Obtaining Medical Records

Medical records are frequently used for non-medical purposes, including for example, to prove entitlement to insurance benefits, prove health and fitness for employment, prove the existence of a disability, or to excuse an absence from court, school or work. Regardless of the reason you seek medical records, the following steps will help you obtain the records you seek:

  1. Make your request for medical records in writing. This is required by Public Health Law §17.
  2. Be sure to specifically identify whether you seek your own medical records or someone else’s medical records. You may request another’s medical records if:
    1. You are a parent or guardian requesting the records of an infant;
    2. You are a guardian appointed pursuant to article 81 of the Mental Hygiene Law requesting the records of the person to whom you were appointed;
    3. You are a conservator requesting the records of a conservatee.
    4. You are the distributee (or Power of Attorney for such distributee) of a deceased person for whom a personal representative has not been appointed
    5. You are the power of attorney for a patient and you are requesting records on behalf of that patient. Be prepared to provide documentation proving you are who you claim to be. For example, if you are a Power of Attorney, be prepared to provide a copy of the Power of Attorney with your request for medical records.
  3. Be sure to specify what records you request. These might include medical records, imaging studies, test records, laboratory records, operative records or billing records from the patient’s examining, consulting or treating physician or hospital.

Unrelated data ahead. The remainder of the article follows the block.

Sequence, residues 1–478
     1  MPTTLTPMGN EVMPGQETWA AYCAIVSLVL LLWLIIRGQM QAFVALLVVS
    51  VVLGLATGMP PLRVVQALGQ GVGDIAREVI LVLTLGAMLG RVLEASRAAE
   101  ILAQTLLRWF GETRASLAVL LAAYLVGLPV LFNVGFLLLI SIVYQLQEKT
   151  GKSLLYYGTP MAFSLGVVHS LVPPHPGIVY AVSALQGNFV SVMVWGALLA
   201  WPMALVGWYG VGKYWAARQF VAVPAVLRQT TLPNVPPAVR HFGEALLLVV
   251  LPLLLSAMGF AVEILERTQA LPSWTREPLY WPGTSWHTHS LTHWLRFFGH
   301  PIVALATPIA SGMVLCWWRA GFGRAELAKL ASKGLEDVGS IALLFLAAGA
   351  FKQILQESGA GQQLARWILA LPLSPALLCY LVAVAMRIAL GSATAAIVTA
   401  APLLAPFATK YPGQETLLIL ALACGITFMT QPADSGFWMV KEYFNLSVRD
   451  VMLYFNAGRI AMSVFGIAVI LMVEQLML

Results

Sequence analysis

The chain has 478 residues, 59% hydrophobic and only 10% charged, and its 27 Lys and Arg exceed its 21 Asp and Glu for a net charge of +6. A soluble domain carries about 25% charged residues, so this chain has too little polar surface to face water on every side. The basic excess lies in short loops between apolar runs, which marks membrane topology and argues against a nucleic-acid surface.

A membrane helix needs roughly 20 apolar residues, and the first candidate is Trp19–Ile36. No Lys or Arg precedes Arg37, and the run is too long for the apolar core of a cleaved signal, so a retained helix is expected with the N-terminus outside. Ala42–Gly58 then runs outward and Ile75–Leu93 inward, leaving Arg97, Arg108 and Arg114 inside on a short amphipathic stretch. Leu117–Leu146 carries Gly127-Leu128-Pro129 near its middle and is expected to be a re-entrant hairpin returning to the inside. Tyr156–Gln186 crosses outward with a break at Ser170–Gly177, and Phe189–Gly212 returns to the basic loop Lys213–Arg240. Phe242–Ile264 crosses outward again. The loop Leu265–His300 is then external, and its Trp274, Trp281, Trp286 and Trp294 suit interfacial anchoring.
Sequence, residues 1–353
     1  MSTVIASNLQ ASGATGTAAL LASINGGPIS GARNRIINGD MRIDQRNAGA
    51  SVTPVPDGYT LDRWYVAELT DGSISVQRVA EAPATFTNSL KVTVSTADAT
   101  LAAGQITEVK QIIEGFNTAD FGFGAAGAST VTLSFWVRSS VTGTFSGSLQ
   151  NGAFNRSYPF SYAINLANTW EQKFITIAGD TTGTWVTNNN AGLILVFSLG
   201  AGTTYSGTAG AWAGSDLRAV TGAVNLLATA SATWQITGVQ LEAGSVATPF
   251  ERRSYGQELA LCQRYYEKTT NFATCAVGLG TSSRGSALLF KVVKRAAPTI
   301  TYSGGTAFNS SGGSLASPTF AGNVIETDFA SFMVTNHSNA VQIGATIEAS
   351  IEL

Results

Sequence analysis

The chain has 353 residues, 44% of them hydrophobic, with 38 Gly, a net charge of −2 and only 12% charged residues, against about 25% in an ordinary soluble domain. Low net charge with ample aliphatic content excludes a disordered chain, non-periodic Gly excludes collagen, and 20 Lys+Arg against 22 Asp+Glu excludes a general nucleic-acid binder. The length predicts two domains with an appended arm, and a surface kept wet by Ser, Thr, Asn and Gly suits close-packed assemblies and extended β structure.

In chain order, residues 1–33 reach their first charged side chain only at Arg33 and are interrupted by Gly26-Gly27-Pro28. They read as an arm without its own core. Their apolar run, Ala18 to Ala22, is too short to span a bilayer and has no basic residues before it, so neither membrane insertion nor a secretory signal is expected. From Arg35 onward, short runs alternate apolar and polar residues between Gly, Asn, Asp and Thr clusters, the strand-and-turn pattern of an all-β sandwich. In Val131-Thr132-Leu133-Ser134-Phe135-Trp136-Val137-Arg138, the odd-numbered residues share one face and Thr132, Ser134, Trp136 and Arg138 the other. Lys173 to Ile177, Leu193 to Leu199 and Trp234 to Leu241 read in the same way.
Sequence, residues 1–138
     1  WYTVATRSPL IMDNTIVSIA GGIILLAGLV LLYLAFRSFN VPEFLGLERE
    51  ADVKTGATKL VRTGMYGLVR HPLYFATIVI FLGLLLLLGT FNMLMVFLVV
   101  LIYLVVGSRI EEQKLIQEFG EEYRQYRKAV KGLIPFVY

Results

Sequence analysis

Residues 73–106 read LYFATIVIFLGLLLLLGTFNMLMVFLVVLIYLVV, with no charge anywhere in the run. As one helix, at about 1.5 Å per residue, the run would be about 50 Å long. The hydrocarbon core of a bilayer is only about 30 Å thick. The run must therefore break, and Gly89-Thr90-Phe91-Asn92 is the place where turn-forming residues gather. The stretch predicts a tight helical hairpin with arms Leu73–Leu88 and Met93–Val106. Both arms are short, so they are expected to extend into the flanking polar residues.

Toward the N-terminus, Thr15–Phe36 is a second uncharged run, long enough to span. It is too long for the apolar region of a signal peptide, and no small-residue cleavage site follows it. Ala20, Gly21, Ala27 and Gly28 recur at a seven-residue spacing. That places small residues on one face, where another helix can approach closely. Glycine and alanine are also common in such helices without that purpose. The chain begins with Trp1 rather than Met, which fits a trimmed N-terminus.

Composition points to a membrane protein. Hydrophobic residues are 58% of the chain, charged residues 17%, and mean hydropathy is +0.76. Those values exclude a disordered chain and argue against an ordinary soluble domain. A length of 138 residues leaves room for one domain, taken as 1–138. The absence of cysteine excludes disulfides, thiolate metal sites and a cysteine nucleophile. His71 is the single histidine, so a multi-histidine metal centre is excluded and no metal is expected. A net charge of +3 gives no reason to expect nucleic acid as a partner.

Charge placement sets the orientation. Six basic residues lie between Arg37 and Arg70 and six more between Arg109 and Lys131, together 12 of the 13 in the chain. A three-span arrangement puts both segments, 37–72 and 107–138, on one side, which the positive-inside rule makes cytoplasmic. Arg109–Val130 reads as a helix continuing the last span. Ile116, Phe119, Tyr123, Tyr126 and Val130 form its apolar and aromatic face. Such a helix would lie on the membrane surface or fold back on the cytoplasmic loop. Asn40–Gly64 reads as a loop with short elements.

4. Be prepared to pay for your records. Health care providers are permitted to impose “a reasonable charge” which cannot be more than $.75 per page. If your records are voluminous federal legislation allows you to request the provider produce the records in a digital format at a reduced cost. See 45 CFR 164.524(c)(4)(i).
  5. Ask the medical provider for any authorization they require you to sign in order to release the medical records you seek.
  6. Be patient. If you only want to inspect your records, your request must be accommodated within 10 days. See Public Health Law §18(2)(a)-(c). If you are requesting a copy of your records, the provider must act “within a reasonable time.” Public Health Law §18(2)(d). Generally, the request should be honored within 30 days. If you do not receive a response, make a second request.

The lawyers at Lacy Katzen LLP frequently order medical records in order to review the merit of personal injury claims. If you have a potential medical malpractice claim, a motor vehicle accident claim, a nursing home claim for neglect, abuse or negligence or any other type of personal injury claim, please know that we can help you obtain the necessary medical records. Please feel free to call us for a free consultation.